Massachusetts Daily Collegian

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A free and responsible press serving the UMass community since 1890

Massachusetts Daily Collegian

A free and responsible press serving the UMass community since 1890

Massachusetts Daily Collegian

Artist Spotlight: The Baxbys

“But obviously, I’ll do anything for the band. So that always wins”
all photos by Astghik Dion

I didn’t realize just how many people in their early 20s can fit into one basement until I had to repeatedly wipe the fog off my camera lens, due to the heat and humidity generated by the bouncing bodies around me. My hair clung to the nape of my neck, and I found myself tilting my head up to the ceiling to gasp for a breath of air. It was an early spring night, hardly more than 30 degrees outside, yet it was blistering hot. What seemed like thousands of pairs of eyes looked past me, teeming with energy — it was astounding how many different walks of life had managed to congregate in one room.

11 p.m. finally rolled around and the crowd gathered in that small Amherst basement seemed to let go of any weight they had been carrying. “We are the Baxbys!” Indeed, a name that everyone in the room knew, a name that could not mean anything else.


Drummer Chris Sciucco, 20, and guitarist James Miller, 20, found each other by pure chance, or rather pure fate. It was fall 2019 when the pair were freshmen at the University of Massachusetts and decided to go random for roommates, in the process stumbling upon living with the one person that would undoubtedly change the course of their life.

The duo immediately got along and visited one another frequently for jam sessions during the pandemic. It was then that the rest of The Baxbys met one another. Bass player Spencer Rosenfeld, 20, and Miller are friends from high school, having grown up within 1,200 feet of one another. Once Miller discovered that Sciucco also played music, he invited Rosenfeld  — a student at Northeastern — along to jam together. While guitarist and vocalist Alex Nordlund, 21, and Sciucco did not go to high school together, their dads were in a band together, called RUEZ. Through their fathers, Sciucco and Nordlund, who is a student at the University of Connecticut, were introduced to one another their sophomore year of high school.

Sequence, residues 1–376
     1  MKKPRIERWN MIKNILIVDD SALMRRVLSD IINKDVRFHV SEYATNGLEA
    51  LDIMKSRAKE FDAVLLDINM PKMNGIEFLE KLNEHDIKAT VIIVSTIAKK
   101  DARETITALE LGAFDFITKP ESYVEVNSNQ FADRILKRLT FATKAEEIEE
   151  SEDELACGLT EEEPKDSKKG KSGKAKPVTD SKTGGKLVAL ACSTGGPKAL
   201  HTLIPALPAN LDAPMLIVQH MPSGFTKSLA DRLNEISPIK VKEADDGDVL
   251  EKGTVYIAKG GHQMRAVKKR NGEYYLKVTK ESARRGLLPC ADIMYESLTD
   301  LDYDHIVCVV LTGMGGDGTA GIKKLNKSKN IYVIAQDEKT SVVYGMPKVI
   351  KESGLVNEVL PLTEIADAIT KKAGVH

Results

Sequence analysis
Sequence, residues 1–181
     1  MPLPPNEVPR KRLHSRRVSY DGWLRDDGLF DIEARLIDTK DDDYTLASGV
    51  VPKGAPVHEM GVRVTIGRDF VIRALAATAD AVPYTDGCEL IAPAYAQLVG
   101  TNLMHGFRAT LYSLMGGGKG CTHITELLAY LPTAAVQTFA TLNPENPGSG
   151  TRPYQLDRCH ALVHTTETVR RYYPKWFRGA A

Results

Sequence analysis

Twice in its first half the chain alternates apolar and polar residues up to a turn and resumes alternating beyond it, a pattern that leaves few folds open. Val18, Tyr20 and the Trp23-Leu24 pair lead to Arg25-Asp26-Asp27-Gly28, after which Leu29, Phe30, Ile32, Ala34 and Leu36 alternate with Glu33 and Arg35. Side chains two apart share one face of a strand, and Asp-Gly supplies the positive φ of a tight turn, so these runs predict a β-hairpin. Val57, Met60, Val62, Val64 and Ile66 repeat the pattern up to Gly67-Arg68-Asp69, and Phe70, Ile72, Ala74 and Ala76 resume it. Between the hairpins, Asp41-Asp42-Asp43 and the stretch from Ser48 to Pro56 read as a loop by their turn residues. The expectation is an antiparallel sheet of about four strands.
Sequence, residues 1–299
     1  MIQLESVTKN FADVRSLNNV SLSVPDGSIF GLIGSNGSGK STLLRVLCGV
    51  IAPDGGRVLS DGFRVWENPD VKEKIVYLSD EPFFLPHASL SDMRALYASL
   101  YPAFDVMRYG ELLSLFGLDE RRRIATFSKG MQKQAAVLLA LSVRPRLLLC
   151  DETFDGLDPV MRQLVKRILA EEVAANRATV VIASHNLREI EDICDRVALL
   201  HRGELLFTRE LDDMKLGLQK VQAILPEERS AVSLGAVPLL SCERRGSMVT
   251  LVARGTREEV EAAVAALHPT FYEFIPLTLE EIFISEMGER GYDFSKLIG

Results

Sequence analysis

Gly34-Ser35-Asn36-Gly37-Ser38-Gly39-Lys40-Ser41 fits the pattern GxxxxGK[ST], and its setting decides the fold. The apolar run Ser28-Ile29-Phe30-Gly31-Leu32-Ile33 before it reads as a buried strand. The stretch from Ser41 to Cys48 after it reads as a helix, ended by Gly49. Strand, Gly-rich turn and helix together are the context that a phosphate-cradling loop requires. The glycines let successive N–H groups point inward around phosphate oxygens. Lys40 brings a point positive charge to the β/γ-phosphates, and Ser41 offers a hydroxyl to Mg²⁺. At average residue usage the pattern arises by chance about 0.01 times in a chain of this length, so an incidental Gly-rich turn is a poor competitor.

“James and I each took a guy from our high school to jam,” Sciucco said. “And that’s kinda how we formed.”

The group played their first collective live show at Rosenfeld’s house in July 2021. They recall spending the entire summer repainting and sharpening up Rosenfeld’s pool in preparation for the huge “monkey watering hole” themed pool party they had planned. Since last summer, the band has played more than 20 shows.

“We seriously thought we were only gonna get three shows in the first semester,” Miller said. “And we ended up playing almost every weekend towards the end.”

The UMass community’s powerful support for The Baxbys is irrefutable, with lines for their gigs always spilling into the street. A Baxbys gig has become the new default Friday night plan for many — replacing The Spoke, fraternities and other parties that no longer compare.

“I don’t think we really expected to have as strong of a following around here as we do,” Sciucco said. “We came into this saying we want to do some shows and get our name out here, but I didn’t expect people to really be that into us.”

This fervent response from the crowd and half of the band’s location at UMass are large contributors as to why The Baxbys are deemed an Amherst treasure. The band mentions attempting to harness the same support at UConn and Northeastern, yet not finding the same resources, community or musical energy that Amherst has to offer. Nordlund and Rosenfeld commute to Amherst to play any chance they get, but the distance between members begs for sacrifices and takes a toll.

“You just need a ton of free time,” Sciucco said. “With half of us going to different schools, it’s something we never get.”

The band recalls several last minute show opportunities where Nordlund and Rosenfeld dropped everything with 10 minutes of notice to commute nearly two hours to Amherst for a gig. These sacrifices that come with distance do not stand alone, as they are accompanied by the difficulties that come with being college students in a band.